Since the age of 2, Elizabeth Kusserow lived with her missionary family in the African country of Niger. She was home-schooled by her mom until senior year of high school, when she attended a boarding school.

“I had to do an internet search for colleges,” said Elizabeth. “We knew we wanted a Christian school in the States, and somehow Calvin got to the top. I had never heard of the college before and never saw the campus until I arrived.”

One reason for Elizabeth’s enrollment at Calvin was the Christian Missionary Scholarship (CMS) she received. Started in 1987 by the late Calvin alumnus Stanley van Reken ’52 and wife, Harriet, the CMS is now run by the next generation of van Rekens.

Last year, the Christian Missionary Scholarship provided more than $400,000 in scholarships to 117 missionary kids representing 47 countries. Calvin is one of six Christian colleges eligible for the awards and has the largest share of recipients each year.

Isaac Jeong comes from a Korean family who is ministering in China, where Isaac grew up. He was familiar with Calvin because his oldest sister attended many years earlier. The CMS helped make his enrollment at Calvin possible.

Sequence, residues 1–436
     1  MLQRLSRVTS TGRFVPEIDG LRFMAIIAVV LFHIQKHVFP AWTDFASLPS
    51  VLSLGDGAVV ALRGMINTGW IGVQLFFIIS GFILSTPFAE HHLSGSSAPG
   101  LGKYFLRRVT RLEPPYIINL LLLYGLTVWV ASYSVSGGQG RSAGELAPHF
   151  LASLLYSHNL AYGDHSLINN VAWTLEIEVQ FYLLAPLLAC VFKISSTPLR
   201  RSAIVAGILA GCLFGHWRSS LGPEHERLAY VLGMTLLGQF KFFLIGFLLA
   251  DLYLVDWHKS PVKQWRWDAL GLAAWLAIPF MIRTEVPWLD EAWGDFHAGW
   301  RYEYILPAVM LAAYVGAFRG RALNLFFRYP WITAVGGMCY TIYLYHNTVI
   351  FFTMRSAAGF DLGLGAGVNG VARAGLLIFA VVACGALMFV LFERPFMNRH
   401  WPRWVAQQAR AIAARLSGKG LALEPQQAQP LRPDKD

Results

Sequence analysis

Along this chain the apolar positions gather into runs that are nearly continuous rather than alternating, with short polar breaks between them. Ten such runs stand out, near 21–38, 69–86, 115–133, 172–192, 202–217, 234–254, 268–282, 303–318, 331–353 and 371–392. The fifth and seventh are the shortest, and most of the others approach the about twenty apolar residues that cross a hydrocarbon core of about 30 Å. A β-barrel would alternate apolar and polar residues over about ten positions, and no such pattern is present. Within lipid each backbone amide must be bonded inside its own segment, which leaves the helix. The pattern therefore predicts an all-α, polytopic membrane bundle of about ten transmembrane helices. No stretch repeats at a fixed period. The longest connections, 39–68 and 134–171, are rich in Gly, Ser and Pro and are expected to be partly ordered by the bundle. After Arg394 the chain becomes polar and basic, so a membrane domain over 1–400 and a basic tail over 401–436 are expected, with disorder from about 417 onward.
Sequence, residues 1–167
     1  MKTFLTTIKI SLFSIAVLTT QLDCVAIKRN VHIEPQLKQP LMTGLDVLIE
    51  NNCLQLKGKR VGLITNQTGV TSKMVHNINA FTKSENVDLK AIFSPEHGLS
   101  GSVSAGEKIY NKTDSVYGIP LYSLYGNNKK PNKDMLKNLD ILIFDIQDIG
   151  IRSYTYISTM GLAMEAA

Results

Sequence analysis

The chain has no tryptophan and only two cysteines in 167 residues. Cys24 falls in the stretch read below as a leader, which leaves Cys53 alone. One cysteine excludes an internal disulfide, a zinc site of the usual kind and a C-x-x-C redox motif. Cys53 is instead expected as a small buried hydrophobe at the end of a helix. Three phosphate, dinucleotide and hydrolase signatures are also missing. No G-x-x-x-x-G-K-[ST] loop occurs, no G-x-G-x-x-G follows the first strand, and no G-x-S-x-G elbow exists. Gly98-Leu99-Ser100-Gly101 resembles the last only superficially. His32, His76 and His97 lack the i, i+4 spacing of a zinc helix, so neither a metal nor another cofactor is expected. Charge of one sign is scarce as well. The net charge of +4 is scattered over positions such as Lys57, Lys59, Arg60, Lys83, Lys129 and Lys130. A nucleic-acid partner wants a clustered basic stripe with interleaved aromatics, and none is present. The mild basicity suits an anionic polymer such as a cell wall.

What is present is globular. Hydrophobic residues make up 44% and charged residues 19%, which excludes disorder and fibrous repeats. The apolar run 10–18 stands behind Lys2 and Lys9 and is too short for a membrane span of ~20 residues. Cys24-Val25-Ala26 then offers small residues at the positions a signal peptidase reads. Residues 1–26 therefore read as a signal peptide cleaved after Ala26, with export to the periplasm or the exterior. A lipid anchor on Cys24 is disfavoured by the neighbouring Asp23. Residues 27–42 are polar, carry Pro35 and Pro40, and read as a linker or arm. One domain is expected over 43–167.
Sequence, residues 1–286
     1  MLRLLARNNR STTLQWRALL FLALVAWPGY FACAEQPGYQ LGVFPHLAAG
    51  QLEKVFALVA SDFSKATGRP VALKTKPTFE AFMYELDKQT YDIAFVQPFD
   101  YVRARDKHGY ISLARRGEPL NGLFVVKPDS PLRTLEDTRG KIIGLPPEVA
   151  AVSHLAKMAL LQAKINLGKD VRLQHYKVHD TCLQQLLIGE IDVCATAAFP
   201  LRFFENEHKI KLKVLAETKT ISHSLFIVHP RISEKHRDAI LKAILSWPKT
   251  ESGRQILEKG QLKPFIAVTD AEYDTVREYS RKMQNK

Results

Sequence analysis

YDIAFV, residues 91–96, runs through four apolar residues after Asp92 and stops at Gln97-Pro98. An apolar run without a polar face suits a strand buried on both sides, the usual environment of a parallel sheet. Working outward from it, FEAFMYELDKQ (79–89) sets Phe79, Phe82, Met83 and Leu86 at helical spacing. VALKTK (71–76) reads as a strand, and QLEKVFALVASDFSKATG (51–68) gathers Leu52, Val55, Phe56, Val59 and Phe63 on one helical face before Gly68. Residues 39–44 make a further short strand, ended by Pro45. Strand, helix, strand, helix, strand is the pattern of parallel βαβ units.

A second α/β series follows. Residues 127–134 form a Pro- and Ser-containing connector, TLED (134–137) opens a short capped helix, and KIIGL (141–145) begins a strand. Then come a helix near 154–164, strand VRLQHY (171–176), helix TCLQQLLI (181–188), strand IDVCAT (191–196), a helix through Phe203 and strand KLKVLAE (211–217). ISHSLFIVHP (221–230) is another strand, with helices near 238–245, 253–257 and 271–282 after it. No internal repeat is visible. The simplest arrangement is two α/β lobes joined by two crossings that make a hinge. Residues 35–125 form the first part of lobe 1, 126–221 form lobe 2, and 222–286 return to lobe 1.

“It is a challenge being what’s called a ‘third culture student’—biologically one culture, family living in another culture and attending school in still another culture,” he said. “To be a missionary kid is to adapt every time you go to a new place. Scared, yet confident.”

Calvin’s diverse student population gave Isaac many chances to teach and to learn.

The van Rekens were inspired to start the scholarship after noting the challenge within their own extended family as relatives came home from the mission field and wondered about financing college.

The extended van Reken family sent missionaries to Africa, Asia and South America. Stanley’s son Randy is the treasurer of the CMS foundation and nephew Cal is president of the board.

“There was much mission activity in the family,” said Cal van Reken. “It was always in our consciousness and was very ecumenical in nature, which is why there are no specific denominational requirements for the scholarship.”

Now a senior majoring in elementary education with coursework in special education, Elizabeth feels ready to serve.

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“I am going back to Sahel Academy in Niger after graduation, and I’ll be teaching third grade,” she said. “What I hope to do eventually is to work with missionary kids who have special needs so mission families can stay on the field.”

Isaac intends to return to China and teach kinesiology and sport at an international school. 

“I have a passion for ministry,” he said, “and with sports and missions it is easy to open hearts. Sports help with communication, and that’s how one starts building community.”

This summer, like their graduating classmates, these two new Calvin alumni will be headed into the world equipped to serve—and they’re also deeply grateful for one generous family and the Christian Missionary Scholarship.